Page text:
• Increase productivity and focus by managing your phone use and email response. While at work, turn off email notifications and establish certain times to check and respond to email rather than immediately responding to that urgent ding. Designate times to check your phone, especially while working on important projects.
  • Set times in the evening or on the weekend that you could designate as screen-free, choosing to spend time outside, with family, or engaged in a hobby instead of a screen.

Here’s wishing you Digital Wellness this coming week!

Written by: Emily Marrison, Family and Consumer Sciences Educator, Ohio State University Extension Coshocton County

Reviewed by: Jenny Lobb, Family and Consumer Sciences Educator, Ohio State University Extension Franklin County

Sources:

Campaign for a Commercial Free Childhood https://commercialfreechildhood.org/

Stateside Podcast (2017). Just about everyone is addicted to screens. What can we do about it? https://www.michiganradio.org/post/just-about-everyone-addicted-screens-what-can-we-do-about-it

American Optometric Association (2016) Save your vision month: Counsel patients about digital eye strain in the workplace. https://www.aoa.org/news/clinical-eye-care/save-your-vision-month-counsel-patients-about-digital-eye-strain-in-the-workplace-

Rensselaer Polytechnic Institute (2012). Light from self-luminous tablet computers can affect evening melatonin, delaying sleep. https://news.rpi.edu/luwakkey/3074

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The Live Healthy Live Well team is getting ready to kick off the Time Out 4 Health Wellness Challenge. Individuals who sign up for this challenge will receive email messages two times a week with encouraging tips and strategies to find time for health and wellness this fall. While taking a break from technology is not directly addressed through the challenge, doing so may free up time to improve mental, physical and emotional health.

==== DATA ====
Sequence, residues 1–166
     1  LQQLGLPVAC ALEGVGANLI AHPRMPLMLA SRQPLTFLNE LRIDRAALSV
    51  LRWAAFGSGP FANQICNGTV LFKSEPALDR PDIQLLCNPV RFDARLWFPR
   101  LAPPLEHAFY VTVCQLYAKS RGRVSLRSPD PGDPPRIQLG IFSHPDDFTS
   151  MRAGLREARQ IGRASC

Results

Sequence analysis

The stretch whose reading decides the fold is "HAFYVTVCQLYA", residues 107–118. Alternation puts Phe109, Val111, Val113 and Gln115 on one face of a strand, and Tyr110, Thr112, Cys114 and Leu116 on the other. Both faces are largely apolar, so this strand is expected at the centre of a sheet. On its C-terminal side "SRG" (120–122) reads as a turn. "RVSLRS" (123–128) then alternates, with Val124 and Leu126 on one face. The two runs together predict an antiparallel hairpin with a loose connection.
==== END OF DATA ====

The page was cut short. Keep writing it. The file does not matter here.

Technology has many positive uses, but the overconsumption of technology can have a negative effect on health. In a webinar titled This is Your Brain Online: The Impact of Digital Technology on Mental Health, Dr. Scott Becker, director of the Michigan State University Counseling Center, discusses how the overuse of digital technology can impact sleep, memory, attention span, capacity to learn, stress, identity and relationships. Additionally, research suggests a direct association between screen time and obesity in both children and adults.

capture In a world where technology is everywhere all the time, deeply ingrained in all aspects of culture and society, how does one reduce technology consumption? A good place to begin is by taking time to consider how you use technology in your daily life. What aspects of technology could you minimize or live without? Maybe there are times in the evening or on the weekend that you could designate as screen-free, choosing to spend time outside, with family, or engaged in a hobby instead of a screen. In the workplace, try turning off email notifications or designating set times to check your phone, especially while working on important projects, to increase productivity and focus. Be deliberate about how and when you use technology to reap its benefits without suffering health consequences.

You may also want to try “digital detoxing”, the act of refraining from electronic devices such as smartphones, tablets and computers for a specified period of time. Join others in a digital detox by pledging to participate in Screen Free Week, held annually in May, or the National Day of Unplugging, held on the first Friday in March. In the meantime, unplug and spend time outdoors, and don’t let any vacation time that you may have go to waste. Take time to refresh and recharge!

Author: Jenny Lobb, Extension Educator, Family and Consumer Sciences, Ohio State University Extension, Franklin County, lobb.3@osu.edu

Reviewer: Tammy Jones, Extension Educator, Family and Consumer Sciences, Ohio State University Extension, Pike County, jones.5640@osu.edu

Sources:

Michigan State University Extension (2015). This is Your Brain Online: The Impact of Digital Technology on Mental Health. https://mediaspace.msu.edu/media/t/1_77c64xn4

USDA Nutrition Evidence Library (2010). What is the relationship between screen time and body weight? http://www.nel.gov/conclusion.cfm?conclusion_statement_id=250317&full_review=true